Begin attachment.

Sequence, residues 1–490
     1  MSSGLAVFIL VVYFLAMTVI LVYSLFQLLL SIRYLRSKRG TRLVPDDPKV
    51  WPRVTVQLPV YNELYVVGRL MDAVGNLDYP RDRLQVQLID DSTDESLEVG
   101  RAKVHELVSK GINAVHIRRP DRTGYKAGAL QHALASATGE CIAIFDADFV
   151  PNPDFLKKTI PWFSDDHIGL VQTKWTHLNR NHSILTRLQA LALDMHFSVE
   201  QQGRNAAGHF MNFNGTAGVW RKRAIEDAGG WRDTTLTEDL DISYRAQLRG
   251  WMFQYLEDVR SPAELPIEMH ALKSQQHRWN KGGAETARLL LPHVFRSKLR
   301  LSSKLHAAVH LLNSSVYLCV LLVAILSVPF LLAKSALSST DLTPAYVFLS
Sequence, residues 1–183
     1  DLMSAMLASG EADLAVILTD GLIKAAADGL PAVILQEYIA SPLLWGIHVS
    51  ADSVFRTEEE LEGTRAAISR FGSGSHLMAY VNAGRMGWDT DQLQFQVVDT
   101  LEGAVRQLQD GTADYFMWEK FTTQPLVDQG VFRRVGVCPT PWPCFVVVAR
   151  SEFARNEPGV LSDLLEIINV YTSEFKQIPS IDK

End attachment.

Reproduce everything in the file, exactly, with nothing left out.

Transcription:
Sequence, residues 1–490
     1  MSSGLAVFIL VVYFLAMTVI LVYSLFQLLL SIRYLRSKRG TRLVPDDPKV
    51  WPRVTVQLPV YNELYVVGRL MDAVGNLDYP RDRLQVQLID DSTDESLEVG
   101  RAKVHELVSK GINAVHIRRP DRTGYKAGAL QHALASATGE CIAIFDADFV
   151  PNPDFLKKTI PWFSDDHIGL VQTKWTHLNR NHSILTRLQA LALDMHFSVE
   201  QQGRNAAGHF MNFNGTAGVW RKRAIEDAGG WRDTTLTEDL DISYRAQLRG
   251  WMFQYLEDVR SPAELPIEMH ALKSQQHRWN KGGAETARLL LPHVFRSKLR
   301  LSSKLHAAVH LLNSSVYLCV LLVAILSVPF LLAKSALSST DLTPAYVFLS
Sequence, residues 1–183
     1  DLMSAMLASG EADLAVILTD GLIKAAADGL PAVILQEYIA SPLLWGIHVS
    51  ADSVFRTEEE LEGTRAAISR FGSGSHLMAY VNAGRMGWDT DQLQFQVVDT
   101  LEGAVRQLQD GTADYFMWEK FTTQPLVDQG VFRRVGVCPT PWPCFVVVAR
   151  SEFARNEPGV LSDLLEIINV YTSEFKQIPS IDK